The amount of solar energy a pipe line may absorb and the effect on the pressure build-up from expansion will be essentially the same at all geographic locations between 60°N and 60°S latitudes.
Directional orientation between latitudes 60°N and 60°S does have an effect on the total amount of heat that can be absorbed by a pipe line. A North-South line will absorb more heat than an East-West line, but the maximum rate of heat absorption (at noon) is the same for both.
Wind affects the heat lost by a pipe from convection currents. Wind of 10 mph will double the convection heat losses from bare pipe in still air. Since still air is a possibility at all locations, the theoretical maximum temperatures attainable from solar heating have been calculated assuming natural-convection heat losses without any wind. (See Section 900 of the Fluid Flow Manual for wind heat transfer coefficients.)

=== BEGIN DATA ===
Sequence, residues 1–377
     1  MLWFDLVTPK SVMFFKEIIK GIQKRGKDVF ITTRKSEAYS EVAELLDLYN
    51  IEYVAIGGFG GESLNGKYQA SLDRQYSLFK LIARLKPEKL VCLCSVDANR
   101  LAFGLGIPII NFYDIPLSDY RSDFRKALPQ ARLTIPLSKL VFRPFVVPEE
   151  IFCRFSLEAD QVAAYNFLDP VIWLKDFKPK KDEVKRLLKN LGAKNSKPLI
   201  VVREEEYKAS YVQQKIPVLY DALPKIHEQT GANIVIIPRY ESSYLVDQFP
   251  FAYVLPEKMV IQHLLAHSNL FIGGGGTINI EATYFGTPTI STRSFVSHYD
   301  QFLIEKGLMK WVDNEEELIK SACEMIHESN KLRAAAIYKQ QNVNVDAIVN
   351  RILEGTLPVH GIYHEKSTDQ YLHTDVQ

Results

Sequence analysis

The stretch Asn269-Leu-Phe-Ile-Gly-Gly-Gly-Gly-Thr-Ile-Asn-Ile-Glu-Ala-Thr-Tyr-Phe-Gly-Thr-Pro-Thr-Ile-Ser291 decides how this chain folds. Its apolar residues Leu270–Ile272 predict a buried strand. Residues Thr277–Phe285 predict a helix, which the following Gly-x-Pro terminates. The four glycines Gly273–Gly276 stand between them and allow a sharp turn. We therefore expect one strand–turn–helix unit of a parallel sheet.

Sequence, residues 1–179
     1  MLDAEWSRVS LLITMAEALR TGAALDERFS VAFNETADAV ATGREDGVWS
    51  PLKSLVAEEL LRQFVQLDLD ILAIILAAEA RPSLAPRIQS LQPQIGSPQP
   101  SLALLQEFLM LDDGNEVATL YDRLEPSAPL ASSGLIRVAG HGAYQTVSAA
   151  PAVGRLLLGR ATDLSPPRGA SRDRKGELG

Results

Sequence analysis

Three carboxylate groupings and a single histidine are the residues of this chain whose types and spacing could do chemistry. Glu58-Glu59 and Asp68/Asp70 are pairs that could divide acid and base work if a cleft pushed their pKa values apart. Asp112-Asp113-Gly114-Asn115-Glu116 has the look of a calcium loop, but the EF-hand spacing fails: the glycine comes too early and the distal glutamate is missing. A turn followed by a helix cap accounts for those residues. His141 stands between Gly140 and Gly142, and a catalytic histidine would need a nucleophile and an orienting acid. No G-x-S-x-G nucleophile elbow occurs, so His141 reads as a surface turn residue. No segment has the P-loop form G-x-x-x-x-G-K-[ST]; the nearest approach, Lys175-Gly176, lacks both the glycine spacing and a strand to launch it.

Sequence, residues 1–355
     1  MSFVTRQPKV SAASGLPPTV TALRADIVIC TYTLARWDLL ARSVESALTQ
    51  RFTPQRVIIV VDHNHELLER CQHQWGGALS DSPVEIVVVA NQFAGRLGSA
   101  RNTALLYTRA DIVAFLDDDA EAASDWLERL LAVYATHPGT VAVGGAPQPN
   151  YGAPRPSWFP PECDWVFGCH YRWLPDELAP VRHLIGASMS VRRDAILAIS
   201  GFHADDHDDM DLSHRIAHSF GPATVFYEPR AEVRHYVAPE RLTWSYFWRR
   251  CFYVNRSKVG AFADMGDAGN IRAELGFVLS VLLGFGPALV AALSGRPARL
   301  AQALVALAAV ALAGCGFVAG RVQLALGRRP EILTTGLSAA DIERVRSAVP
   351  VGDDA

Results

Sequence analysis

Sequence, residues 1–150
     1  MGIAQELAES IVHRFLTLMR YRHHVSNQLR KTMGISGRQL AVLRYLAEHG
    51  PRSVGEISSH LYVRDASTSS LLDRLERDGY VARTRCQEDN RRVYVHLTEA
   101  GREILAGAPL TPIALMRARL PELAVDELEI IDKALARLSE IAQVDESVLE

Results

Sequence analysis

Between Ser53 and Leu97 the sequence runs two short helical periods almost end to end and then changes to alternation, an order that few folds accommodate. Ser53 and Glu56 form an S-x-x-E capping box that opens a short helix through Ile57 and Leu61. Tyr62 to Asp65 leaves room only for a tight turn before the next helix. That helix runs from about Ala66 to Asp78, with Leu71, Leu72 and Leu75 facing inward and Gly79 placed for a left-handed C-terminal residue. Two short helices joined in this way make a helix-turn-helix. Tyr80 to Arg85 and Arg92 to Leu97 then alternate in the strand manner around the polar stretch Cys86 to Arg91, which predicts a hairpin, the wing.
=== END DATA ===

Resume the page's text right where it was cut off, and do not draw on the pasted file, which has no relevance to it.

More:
Paint and pipe coating will affect the amount of heat a pipe line can absorb from solar radiations. Most light colored paints will reflect 20 to 30% of the solar energy, but only on freshly painted surfaces. Since a line could be painted any color after its initial installation, the theoretical maximum temperatures attainable have been calculated assuming flat-black painted lines with an absorptivity of 1.0.